The high cost of healthcare is causing millions of people to delay medical treatment. A Gallup poll found:
- A third of those surveyed say their family couldn’t afford care in the past year.
- One in four say care was deferred for a serious medical condition.
- Roughly 33 percent report delaying care for a less serious illness.
- Lower-income adults are more likely to say they delayed care.
Moreover, a study by the American Cancer Society found that more than half (56 percent) of Americans surveyed report medical financial hardship and say they struggle with affordability, stress and skipping, delaying or stopping medical treatment. The authors of the report commented: “With increasing prevalence of multiple chronic conditions, higher patient cost-sharing and higher costs of healthcare, the risk of hardship will likely increase in the future.”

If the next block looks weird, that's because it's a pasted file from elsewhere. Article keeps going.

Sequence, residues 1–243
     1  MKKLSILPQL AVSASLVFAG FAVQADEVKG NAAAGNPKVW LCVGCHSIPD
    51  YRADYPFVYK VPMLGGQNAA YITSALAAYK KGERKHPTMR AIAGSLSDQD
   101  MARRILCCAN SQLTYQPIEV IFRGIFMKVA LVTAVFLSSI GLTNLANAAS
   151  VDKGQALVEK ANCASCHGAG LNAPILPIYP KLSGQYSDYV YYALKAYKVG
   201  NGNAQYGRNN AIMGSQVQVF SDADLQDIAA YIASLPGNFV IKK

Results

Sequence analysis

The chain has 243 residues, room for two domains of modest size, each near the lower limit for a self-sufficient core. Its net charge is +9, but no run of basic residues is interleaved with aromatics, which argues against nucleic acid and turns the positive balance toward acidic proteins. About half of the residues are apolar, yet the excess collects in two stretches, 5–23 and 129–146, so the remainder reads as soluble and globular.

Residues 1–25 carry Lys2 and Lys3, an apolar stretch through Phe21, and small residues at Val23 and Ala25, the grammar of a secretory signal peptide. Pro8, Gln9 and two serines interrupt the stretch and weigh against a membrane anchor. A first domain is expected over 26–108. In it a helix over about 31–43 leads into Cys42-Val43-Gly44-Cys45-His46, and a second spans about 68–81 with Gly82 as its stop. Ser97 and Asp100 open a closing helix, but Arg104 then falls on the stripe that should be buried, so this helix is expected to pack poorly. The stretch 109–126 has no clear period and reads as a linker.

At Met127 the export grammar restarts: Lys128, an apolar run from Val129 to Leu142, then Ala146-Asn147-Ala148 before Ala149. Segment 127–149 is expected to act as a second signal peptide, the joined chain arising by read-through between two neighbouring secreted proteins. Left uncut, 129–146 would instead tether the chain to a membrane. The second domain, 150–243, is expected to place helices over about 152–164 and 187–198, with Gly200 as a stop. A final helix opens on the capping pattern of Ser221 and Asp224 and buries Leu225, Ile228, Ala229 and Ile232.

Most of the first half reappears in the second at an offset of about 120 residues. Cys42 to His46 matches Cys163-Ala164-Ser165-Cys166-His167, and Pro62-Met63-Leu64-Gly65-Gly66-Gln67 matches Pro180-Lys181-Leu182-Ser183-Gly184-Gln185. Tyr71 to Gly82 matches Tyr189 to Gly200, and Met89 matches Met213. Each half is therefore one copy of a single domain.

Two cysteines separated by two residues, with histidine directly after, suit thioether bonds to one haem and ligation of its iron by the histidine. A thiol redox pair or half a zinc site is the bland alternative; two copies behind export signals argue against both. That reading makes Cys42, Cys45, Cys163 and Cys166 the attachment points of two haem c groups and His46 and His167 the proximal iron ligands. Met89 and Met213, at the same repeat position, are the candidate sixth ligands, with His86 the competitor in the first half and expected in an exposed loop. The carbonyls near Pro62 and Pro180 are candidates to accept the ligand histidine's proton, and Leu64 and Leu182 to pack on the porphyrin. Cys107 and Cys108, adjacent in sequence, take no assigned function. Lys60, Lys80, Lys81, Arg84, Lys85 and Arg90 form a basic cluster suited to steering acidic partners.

Contactless care can help curb healthcare costs. For one, it’s far less expensive. For example, the national median cost for a video consult or telehealth visit is $50 compared to $85 for a routine office visit and $130 for an urgent care visit. As a result, some insurers are encouraging members to take advantage of virtual care and lowering copays for those who do. It also saves patients money in terms of time (for example, being able to meet with a provider without leaving work) and distance traveled as well helping navigate them to the most appropriate—and often less expensive—care setting.
By delivering care on demand, patients’ concerns can often be resolved without the need for an expensive office visit or trip to the emergency department. One study of more than 5,500 patients who had a virtual consult with an emergency medical services physician revealed a 56 percent reduction in unnecessary ambulance transports and a seven percent reduction in unnecessary visits. Each avoided ED visit saves more than $1,389 per patient, a cost that doesn’t include extra charges, such as blood tests, IVs, drugs or other treatments.
In addition, research finds that digital communications tools, such as texting, play a key role in improving patient engagement and involvement with their treatment plans. From appointment reminders to scheduling, confirmations and check-ins, accessible active management of one’s health is a key factor in staying healthier and reducing care costs.